The IRE Resource Center is a major research library containing more than 23,250 investigative stories — both print and broadcast. These stories are searchable online or by contacting the Resource Center directly (573-882-3364 or firstname.lastname@example.org) where a researcher can help you pinpoint what you need. Browse or search the tipsheet section of our library below. Stories are not available for download but can be easily ordered by contacting the Resource Center:
Search results for "Ohio Attorney General's Office" ...
WBNS-TV (Columbus, Ohio) revealed a pattern of corruption inside the state's highest law enforcement office including cronyism, misuse of state funds and property, improper use of campaign funds, ethics violations and cover-up. The reporters found that the Attorney General had used campaign funds to rent a condominium for two of his friends/employees that was later tied to sexual harassment,alleged crimes involving state vehicles and the hub for cronyism. Their reporting revealed that the Attorney General created a "transition fund" as an unregulated 501 c4 non-profit account. Through law enforcement, the station learned that this fund funneled at least $2,000 in inappropriate payments to the Attorney General's friend/employee/condo-mate.
The Cleveland Plain Dealer investigated "the 'pay to play' practices of Ohio Treasurer Joe Deters and state attorney general Betty Montgomery. (The newspaper) tied two-thirds of the $4 million Deters has raised since 1998 to people who get work from his office. (The Plain Dealer) found that the treasurer was paying some brokers who gave him campaign contributions higher fees than they had requested. And their performance, overall, lagged behind the brokers used by other states. Deters also was using the powerful Hamilton County GOP, which he co-chaired, to launder campaign contributions. Private lawyers working from Attorney General Montgomery also felt it was necessary to give to her campaign to get work."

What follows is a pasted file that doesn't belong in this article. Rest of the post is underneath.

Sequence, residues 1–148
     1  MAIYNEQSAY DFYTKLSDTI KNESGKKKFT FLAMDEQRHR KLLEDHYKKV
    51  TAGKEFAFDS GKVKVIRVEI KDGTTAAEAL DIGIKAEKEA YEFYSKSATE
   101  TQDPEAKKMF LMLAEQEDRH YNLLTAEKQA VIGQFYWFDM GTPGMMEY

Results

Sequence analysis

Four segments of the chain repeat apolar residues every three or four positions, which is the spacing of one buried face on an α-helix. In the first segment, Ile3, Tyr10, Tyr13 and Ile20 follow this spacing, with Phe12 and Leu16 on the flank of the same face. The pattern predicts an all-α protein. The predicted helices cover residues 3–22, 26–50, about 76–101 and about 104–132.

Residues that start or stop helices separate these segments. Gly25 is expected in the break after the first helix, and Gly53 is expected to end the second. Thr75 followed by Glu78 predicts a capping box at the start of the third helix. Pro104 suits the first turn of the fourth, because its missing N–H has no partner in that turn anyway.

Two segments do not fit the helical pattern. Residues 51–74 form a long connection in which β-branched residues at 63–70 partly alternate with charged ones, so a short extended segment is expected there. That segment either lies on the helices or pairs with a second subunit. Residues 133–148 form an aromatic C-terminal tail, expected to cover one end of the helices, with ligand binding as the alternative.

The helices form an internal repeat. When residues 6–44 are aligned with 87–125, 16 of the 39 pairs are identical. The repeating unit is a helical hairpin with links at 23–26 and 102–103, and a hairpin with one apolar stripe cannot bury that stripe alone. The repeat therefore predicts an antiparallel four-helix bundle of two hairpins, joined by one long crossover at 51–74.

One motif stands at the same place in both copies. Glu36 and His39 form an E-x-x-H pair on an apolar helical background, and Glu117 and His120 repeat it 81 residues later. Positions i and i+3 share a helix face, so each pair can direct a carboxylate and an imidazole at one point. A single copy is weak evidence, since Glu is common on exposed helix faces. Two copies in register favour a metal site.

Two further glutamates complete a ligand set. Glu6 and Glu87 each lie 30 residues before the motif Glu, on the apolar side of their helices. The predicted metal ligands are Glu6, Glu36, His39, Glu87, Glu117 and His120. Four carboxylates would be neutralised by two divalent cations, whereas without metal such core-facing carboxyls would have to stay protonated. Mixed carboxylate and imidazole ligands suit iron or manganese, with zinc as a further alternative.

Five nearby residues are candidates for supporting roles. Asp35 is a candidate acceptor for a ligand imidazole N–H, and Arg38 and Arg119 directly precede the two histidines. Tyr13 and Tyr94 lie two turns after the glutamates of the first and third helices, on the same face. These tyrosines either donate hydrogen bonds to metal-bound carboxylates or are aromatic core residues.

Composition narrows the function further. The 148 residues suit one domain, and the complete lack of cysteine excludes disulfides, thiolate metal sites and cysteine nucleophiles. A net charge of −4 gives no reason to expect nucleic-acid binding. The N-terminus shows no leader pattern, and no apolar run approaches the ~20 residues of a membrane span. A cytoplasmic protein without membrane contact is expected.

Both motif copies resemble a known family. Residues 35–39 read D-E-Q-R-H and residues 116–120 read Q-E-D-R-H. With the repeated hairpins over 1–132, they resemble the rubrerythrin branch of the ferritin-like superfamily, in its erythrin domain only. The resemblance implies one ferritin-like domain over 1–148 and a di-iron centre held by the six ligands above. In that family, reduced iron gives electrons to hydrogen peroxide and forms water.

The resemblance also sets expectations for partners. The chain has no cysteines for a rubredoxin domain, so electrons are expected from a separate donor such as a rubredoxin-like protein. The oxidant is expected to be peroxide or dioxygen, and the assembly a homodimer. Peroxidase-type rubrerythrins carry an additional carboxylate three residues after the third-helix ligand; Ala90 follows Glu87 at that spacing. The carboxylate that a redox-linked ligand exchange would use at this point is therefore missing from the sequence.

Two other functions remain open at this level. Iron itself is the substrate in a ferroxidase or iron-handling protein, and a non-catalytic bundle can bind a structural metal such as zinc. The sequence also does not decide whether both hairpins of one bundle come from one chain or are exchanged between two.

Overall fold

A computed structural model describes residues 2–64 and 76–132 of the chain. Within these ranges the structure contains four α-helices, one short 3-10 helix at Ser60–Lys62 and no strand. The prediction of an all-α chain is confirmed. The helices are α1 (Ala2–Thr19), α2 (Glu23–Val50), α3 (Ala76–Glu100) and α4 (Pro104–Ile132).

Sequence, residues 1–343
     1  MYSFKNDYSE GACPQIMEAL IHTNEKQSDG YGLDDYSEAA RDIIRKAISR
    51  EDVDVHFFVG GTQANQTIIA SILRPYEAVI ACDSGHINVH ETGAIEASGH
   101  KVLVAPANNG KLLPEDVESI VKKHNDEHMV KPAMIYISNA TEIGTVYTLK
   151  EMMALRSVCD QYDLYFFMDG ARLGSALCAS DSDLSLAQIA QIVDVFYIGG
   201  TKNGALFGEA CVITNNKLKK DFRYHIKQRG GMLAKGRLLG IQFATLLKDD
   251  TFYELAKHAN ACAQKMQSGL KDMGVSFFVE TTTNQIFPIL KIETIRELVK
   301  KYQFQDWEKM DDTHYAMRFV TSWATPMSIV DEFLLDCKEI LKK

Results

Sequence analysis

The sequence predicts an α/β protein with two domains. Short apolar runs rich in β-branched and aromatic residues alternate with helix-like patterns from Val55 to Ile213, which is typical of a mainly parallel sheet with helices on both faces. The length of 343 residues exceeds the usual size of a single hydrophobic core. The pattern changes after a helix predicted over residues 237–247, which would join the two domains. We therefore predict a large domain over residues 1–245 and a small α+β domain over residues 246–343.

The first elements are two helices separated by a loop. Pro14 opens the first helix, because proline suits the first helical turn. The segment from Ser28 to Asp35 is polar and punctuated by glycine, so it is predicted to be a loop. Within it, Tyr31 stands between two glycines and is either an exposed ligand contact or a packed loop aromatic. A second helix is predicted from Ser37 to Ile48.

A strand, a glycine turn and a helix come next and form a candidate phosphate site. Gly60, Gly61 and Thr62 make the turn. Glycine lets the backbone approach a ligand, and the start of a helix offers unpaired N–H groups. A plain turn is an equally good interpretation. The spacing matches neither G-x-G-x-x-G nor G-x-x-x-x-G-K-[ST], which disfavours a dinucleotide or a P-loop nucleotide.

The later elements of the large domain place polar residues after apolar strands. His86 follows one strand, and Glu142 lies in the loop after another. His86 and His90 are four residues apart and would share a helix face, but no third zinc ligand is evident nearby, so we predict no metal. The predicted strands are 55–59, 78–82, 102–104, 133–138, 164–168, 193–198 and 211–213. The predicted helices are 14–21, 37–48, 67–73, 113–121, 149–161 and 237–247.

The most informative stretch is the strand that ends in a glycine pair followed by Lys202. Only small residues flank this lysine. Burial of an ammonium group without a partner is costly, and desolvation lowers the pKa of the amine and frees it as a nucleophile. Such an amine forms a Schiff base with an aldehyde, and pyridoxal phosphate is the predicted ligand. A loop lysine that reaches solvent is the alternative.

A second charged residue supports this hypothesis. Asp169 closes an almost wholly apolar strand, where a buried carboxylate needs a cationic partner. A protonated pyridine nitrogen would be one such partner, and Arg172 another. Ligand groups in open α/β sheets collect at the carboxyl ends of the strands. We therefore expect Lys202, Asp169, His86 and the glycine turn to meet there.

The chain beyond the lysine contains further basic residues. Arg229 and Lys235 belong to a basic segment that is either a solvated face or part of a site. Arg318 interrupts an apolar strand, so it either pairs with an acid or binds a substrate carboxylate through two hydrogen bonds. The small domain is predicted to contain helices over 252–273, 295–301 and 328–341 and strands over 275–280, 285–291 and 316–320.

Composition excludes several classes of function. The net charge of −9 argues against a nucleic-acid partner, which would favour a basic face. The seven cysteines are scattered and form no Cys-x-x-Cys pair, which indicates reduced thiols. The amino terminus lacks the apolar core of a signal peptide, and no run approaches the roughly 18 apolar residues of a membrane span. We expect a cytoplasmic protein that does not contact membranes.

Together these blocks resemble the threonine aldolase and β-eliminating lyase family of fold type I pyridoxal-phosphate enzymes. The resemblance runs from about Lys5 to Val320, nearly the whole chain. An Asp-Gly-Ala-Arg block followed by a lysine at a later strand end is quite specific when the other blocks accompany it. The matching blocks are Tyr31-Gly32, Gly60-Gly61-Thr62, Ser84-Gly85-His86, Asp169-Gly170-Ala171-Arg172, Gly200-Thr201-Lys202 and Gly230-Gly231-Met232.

Consumers: State Refund claims bogus; Attorney general consumer watchdog inflated claims by $2.5 million
An investigation by the Cleveland Plain Dealer reveals that Ohio's attorney general inflated her restitution figures "by at least $2.5 million." The newspaper's investigation "showed how not just that her office puffed its numbers but how: It took credit for refunds secured by other agencies, included refund offers from companies that consumers never accepted, inflated the dollar value of refunds and counted refunds that companies promised but never delivered."